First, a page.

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Fossil fuel divestment spurs consolidation

Midway through the 1990s, John Browne, Baron Browne of Madingley, former chief executive of BP (BP.), became the first head of an oil major to link the burning of fossil fuels with a rise in global temperatures, a highly significant moment for environmental campaigners. The group was promptly rebranded under the slogan 'Beyond Petroleum', but the push towards the sunlit uplands was overshadowed by subsequent events. Any meaningful initiatives undertaken during his tenure would probably have been overlooked following the Deepwater Horizon disaster, but his Lordship did recognise that institutional investors would increasingly need to factor environmental, social and governance (ESG) risks into their investment strategies. And there is growing evidence to suggest that the business case for ESG investing is well founded.

The Journal of Sustainable Finance & Investment conducted a review of more than 2,000 empirical studies undertaken since the 1970s on ESG investing and corporate financial performance. Around 90 per cent of the studies point to positive outcomes, with some studies suggesting that companies with robust ESG practices displayed a lower cost of capital and lower levels of volatility.

Studies have also shown that millennial retail investors – and those just entering the equity market – are likely to take greater account of the extent to which ESG principles are bound up with the corporate governance policies of individual companies and nominee accounts – and it’s having a real impact globally.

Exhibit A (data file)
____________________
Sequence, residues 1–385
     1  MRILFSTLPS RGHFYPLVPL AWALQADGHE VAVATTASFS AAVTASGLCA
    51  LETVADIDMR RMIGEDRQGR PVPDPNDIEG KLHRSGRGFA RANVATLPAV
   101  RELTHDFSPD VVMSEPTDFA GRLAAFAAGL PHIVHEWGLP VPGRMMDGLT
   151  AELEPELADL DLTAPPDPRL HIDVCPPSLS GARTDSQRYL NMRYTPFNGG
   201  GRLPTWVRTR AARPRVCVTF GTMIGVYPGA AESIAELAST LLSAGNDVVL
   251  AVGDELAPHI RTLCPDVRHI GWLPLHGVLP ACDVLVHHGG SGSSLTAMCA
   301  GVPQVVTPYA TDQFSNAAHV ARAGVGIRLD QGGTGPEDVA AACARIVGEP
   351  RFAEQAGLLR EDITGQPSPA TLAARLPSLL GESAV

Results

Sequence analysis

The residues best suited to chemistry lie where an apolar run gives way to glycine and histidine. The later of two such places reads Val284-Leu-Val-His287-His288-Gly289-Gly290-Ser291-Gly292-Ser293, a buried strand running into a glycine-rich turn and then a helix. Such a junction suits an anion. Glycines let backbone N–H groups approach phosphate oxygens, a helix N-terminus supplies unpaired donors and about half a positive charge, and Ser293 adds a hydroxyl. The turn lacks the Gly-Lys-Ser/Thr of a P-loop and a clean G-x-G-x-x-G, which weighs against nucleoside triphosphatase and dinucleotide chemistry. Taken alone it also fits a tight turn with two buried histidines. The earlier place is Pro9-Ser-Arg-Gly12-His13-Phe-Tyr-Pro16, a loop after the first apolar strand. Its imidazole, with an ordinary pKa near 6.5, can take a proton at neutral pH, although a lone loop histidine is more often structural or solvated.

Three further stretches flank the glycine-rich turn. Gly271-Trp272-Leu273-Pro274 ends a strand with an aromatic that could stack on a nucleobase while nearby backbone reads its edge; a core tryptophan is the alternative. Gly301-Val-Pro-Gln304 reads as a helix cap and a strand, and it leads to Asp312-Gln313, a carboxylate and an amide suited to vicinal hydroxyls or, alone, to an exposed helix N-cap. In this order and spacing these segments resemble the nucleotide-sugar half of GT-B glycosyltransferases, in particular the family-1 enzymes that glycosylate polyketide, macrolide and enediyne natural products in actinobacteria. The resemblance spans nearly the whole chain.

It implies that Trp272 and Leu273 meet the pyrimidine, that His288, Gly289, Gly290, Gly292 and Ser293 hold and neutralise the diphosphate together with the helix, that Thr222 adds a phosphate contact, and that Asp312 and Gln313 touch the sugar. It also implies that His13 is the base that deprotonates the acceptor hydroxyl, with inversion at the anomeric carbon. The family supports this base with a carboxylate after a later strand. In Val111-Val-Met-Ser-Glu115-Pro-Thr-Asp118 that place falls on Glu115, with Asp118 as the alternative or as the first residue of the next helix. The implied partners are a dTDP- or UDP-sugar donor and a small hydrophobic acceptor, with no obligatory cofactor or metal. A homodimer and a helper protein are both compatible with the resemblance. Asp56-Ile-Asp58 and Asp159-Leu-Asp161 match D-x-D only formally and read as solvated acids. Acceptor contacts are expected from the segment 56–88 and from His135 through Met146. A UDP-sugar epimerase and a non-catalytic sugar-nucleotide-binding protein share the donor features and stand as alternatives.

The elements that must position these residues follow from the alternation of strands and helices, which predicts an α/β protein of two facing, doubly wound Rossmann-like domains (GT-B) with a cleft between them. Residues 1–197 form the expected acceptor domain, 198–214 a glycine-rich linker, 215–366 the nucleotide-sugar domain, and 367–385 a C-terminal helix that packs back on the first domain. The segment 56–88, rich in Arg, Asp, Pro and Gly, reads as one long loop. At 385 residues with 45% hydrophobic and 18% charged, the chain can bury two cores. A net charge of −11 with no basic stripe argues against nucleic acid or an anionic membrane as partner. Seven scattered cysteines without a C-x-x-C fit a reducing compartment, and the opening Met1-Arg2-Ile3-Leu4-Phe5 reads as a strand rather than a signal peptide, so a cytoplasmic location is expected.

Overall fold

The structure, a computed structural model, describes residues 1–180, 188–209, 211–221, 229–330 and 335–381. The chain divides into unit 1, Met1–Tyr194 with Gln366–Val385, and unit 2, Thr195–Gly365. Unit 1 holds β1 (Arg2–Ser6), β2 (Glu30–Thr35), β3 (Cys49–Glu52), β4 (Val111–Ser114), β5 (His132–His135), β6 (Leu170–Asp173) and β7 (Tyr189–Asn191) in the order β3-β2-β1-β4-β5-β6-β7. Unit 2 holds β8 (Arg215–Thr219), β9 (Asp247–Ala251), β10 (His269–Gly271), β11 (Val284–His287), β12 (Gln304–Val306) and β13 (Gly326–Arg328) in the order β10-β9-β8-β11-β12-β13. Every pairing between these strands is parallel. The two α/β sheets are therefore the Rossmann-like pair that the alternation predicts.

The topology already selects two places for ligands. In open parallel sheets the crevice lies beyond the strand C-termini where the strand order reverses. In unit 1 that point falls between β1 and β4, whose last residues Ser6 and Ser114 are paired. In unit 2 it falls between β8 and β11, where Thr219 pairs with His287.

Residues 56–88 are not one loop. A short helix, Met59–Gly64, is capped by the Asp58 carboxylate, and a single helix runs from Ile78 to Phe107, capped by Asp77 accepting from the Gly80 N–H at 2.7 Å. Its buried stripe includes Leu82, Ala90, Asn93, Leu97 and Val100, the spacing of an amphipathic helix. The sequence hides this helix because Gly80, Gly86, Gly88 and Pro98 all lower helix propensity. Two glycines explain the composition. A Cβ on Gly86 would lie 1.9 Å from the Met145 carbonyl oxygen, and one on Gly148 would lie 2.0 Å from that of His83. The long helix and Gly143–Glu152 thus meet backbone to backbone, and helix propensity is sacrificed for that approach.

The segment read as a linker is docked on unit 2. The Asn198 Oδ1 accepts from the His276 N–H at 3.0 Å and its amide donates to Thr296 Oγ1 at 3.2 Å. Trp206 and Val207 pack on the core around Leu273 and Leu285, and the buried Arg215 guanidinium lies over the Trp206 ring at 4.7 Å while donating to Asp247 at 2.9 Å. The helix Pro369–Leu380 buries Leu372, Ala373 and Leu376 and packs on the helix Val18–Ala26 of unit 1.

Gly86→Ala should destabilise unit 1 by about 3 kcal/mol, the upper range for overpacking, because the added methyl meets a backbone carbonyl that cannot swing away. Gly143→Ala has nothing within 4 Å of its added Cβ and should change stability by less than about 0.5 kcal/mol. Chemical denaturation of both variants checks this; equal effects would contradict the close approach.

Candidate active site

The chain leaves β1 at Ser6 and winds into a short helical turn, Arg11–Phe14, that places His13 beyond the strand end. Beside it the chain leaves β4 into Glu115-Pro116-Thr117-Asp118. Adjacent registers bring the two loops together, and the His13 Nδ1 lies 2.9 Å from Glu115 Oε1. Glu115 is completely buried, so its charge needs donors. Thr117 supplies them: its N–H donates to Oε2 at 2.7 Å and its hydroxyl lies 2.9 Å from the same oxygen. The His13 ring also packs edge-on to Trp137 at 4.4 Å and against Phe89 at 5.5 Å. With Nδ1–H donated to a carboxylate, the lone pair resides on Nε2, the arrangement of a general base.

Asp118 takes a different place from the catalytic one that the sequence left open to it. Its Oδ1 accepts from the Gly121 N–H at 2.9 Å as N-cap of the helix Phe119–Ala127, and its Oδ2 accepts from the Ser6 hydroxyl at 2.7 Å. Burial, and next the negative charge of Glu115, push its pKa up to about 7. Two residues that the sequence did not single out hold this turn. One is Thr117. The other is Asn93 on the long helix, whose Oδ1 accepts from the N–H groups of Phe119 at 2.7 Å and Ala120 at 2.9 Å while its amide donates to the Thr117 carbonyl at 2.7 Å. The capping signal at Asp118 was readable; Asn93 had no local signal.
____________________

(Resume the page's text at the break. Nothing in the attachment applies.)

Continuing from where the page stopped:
Mutual funds that base their investment decisions on ESG criteria passed the $1 trillion mark during the fourth quarter of 2018, while a report by the US Forum for Sustainable and Responsible Investment suggests that almost a quarter of professionally managed assets in the US fall under that category. And since its founding in 2006, the United Nations Principles for Responsible Investing (PRI) has attracted support from more than 1,800 signatories representing over $68 trillion in assets under management as of April 2017. Meanwhile, plans are in place which would allow managers of the £1.5 trillion invested in the UK’s workplace pension schemes to be given new powers to divest their holdings in fossil fuel companies in favour of long-term investment in renewable technologies.

But if capital support is being gradually withdrawn from conventional energy markets, then you might question the rationale for Chevron’s (US:CVX) recent $33bn offer for Anadarko Petroleum (US:APC). The offer, pitched at a 39 per cent premium to Anadarko's closing price on the day prior to the announcement, has already faced opposition from some ESG investors, who have questioned the approach given the apparent transition away from fossil fuels – the ‘stranded assets’ argument – but it's essentially driven by rationalisation and the pursuit of scale benefits. 

Chevron’s approach was certainly timely, given that shares in Anadarko hit the skids in February after its earnings came in below expectations. Anadarko holds a strong shale position in the Permian basin of West Texas. So the connection of existing production assets would effectively create a 75-mile-wide corridor, enhancing the ability to drill lateral lengths in horizontal wells. This promises to improve well economics and productivity, put daily production on a par with that of ExxonMobil (US:XOM) and Royal Dutch Shell (TDSB) and improve access to the combined group’s refining assets in the Gulf of Mexico.

Environmentalists may be aghast that Chevron appears to be doubling down on shale drilling, particularly given the oil major’s long-running dispute with the Ecuadorian government over claims that its operations were responsible for polluting the Amazon between 1964 and 1992.

No surprises there – it’s a dirty business, after all. At least the fossil fuel companies now have an ally on Capitol Hill. A recent executive order from President Trump aims to prevent states from blocking pipelines and other energy infrastructure assets under the terms of the Clean Water Act. It also directs the US Department of Labor to examine how pensions that use ESG criteria deploy them with their energy investments, presumably with a view to reversing the trend towards disinvestment.